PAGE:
Here we will discuss the basics of logistic regression and its implementation in Python for Data Science. Logistic regression is a supervised classification algorithm. In the classification problem, the target variable can have only discrete values for given sets of features.
Logistic regression is a regression model. The regression model is built for predicting the probability that given data entry belongs to category numbered as “1”. Logistic regression uses the sigmoid function:
Logistic regression becomes a classification technique only when a decision threshold comes into the picture. Setting of the threshold value is an important aspect of Logistic regression, and it depends on the classification of the problem itself.
The decision for the value of the threshold value is majorly affected by the values of recall and precision. Ideally, both recall and precision should be 1, but it is seldom the case. In case we have a precision-recall tradeoff, the following arguments are used for deciding upon the threshold:
Low precision/high recall –
When we want to reduce the number of false negatives but not reducing the number of false positives, we will choose a decision value that has a low value of precision or high value of recall. Example: In case of a cancer diagnosis application, we would not want any affected patient to be classified as not affected without giving heed if patient is wrongfully diagnosed with cancer. It occurs because we can detect absence of cancer by medical diseases but presence of disease cannot be detected in an already rejected candidate.
High precision/low recall –
When we want to reduce the number of false positives but not reducing false negatives, we will choose a decision value that has a high value of precision or low value of recall. Example: In case we classify whether customers react positively or negatively to personalized advertisement, we should be sure that the customer reacts positively to the advertisement because otherwise a negative reaction will cause a loss of potential sales from the customer.
Based on number of categories, logistic regression will be classified as:
- Binomial: In this the target variable can have two possible types “0” and “1” which will represent “win” vs “loss”, “pass” vs “fail”, “dead” vs “alive”, etc.
- Multinomial: In this the target variable can have three or more possible types which are not ordered like “disease A” vs “disease B” vs “disease C”.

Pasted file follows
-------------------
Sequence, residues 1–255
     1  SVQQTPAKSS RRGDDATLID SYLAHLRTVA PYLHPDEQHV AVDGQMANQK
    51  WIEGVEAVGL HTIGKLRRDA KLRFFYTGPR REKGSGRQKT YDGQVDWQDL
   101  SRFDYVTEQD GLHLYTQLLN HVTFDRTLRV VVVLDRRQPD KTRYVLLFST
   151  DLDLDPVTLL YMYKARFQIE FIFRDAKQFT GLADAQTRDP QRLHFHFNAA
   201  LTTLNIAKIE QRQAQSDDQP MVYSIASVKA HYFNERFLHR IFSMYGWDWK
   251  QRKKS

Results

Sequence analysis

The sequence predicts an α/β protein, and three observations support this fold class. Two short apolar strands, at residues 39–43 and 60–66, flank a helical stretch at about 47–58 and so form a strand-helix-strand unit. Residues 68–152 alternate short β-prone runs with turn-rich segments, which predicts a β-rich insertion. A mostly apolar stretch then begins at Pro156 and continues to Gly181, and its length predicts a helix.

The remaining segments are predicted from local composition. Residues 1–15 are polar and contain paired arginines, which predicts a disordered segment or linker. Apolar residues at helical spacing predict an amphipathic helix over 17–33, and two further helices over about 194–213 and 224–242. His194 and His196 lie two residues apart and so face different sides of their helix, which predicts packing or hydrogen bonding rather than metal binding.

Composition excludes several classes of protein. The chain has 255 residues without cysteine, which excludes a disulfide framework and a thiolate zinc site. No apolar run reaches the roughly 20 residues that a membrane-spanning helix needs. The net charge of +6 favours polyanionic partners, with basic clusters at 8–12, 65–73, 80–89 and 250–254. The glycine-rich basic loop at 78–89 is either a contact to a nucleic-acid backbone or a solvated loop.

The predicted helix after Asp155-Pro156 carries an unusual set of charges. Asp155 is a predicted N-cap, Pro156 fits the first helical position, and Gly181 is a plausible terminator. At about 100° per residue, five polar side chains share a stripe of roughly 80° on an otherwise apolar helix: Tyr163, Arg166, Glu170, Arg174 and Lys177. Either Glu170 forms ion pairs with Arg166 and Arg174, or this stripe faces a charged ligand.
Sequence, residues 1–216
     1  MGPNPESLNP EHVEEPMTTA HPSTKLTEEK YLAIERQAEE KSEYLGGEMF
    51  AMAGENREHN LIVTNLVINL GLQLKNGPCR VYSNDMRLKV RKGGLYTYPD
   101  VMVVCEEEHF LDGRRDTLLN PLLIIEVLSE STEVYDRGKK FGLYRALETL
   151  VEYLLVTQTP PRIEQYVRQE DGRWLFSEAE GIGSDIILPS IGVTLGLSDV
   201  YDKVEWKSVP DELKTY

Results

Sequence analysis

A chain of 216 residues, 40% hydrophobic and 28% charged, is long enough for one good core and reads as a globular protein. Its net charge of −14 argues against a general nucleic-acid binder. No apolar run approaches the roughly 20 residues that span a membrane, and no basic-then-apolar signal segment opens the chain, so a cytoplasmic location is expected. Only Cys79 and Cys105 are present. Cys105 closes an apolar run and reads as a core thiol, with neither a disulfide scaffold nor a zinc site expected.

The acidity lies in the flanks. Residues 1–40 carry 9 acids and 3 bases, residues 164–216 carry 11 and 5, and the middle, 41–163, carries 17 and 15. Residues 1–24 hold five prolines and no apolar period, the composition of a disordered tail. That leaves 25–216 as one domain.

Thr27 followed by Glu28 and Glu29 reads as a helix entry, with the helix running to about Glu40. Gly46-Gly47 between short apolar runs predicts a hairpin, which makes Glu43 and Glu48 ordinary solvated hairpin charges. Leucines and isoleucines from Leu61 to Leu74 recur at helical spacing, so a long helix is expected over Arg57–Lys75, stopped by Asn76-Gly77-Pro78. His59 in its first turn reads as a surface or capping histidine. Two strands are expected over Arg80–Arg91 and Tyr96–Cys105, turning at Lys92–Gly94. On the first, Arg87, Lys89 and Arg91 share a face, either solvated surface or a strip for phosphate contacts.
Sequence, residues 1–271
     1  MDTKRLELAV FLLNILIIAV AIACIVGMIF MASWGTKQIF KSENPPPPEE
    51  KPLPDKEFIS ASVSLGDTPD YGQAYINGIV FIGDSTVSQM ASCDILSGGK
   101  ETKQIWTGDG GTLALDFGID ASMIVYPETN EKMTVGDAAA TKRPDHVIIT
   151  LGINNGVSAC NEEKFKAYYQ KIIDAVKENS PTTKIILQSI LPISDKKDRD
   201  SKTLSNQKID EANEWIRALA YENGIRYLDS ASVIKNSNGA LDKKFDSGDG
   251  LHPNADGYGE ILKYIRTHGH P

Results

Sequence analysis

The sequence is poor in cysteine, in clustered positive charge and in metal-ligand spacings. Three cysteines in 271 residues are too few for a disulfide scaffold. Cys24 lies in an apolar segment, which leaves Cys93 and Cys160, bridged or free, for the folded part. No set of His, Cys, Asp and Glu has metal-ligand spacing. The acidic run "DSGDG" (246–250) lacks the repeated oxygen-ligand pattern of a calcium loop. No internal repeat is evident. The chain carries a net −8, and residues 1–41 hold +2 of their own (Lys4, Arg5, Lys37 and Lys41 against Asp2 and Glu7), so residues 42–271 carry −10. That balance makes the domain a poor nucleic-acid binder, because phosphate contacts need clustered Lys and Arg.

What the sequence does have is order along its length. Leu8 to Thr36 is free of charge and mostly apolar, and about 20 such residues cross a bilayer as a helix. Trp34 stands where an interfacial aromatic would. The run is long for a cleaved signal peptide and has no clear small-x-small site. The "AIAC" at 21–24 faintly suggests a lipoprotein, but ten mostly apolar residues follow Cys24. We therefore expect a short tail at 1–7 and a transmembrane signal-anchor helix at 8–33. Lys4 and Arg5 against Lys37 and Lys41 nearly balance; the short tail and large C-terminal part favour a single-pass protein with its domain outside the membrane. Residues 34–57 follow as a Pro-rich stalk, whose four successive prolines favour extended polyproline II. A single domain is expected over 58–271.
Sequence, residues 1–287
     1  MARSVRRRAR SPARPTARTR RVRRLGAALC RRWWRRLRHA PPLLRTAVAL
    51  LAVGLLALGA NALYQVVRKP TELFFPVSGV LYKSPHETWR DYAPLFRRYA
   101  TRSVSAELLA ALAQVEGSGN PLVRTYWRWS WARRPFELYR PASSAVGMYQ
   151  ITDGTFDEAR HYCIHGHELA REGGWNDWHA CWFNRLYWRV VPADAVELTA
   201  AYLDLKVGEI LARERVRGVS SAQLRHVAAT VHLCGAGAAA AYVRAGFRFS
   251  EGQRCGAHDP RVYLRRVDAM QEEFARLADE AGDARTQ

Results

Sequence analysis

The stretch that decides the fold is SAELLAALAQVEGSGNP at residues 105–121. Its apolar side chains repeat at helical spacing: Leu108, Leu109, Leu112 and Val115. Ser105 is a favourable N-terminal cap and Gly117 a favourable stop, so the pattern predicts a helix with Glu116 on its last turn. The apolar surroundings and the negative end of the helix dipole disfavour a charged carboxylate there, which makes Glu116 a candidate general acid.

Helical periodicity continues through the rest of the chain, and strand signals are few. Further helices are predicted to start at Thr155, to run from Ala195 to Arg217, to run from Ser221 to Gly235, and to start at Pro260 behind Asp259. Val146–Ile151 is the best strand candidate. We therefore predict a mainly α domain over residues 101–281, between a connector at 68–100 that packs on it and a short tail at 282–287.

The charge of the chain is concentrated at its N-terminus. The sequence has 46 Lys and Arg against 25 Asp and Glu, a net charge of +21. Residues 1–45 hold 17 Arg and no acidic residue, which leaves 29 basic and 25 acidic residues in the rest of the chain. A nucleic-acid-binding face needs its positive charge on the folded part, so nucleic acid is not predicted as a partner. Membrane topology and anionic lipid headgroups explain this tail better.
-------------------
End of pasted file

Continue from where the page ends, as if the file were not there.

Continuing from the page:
- Orinal: In this we deal with target variables with ordered categories. Example: In case of a test score we can categorize it as: “very poor”, “poor”, “good”, “very good”. We can give each category a score like 0, 1, 2, 3.
We will now explore the simplest form of Logistic regression known as binomial logistic regression.
Binomial logistic regression:
We will consider an example which maps the number of hours of study with the result of the exam. The result will take only two values i.e., pass(1) and fail(0).
Using gradient descent algorithm:
We can also run other more advanced algorithms in python once we have defined our cost function and the gradient. Such algorithms are:
- BFGS (Broyden-Fletcher-Goldfarb-Shanno algorithm)
- L-BFGS(similar to BFGS but it uses limited memory.
- Conjugate gradient.
Advantages of using these algorithms over gradient descent:
- We don’t need to pick up learning rate.
- It often runs faster but not always.
- It is able to numerically approximate gradient for us.
Disadvantages of using these algorithms over gradient descent:
- It is too complex.
- Until we learn the specifics it will behave similar to a black box.
Multinomial logistic regression:
In this it is possible for the output variable to have more than two possible discrete outputs. If we consider the digital dataset, the output variable will be the digit value and can take values out of (0, 1, 2, 3, 4, 5, 6, 7, 8, 9).
Below we have the implementation of Multinomial Logistic regression by using scikit-learnfor making predictions on digit dataset.
Below are some points which we should think about in Logistic regression in python for data science:
- It will not assume linear relationship between dependent and independent variables, but it will assume a linear relationship between logit of explanatory variables and the response.
- Independent variables can be the power terms or non linear transformation of original independent variables.
- The dependent variables need not be normally distributed but assumes distribution from an exponential family. In case of binary logistic regression we will assume binomial distribution of response.
- We don’t need to satisfy the homogeneity of variance.
- The errors must be independent but not normally distributed.
- Logistic regression takes into account maximum likelihood estimation (MLE) and not the ordinary least squares(OLS) for estimation of parameters, so, I relies on a large sample approximations.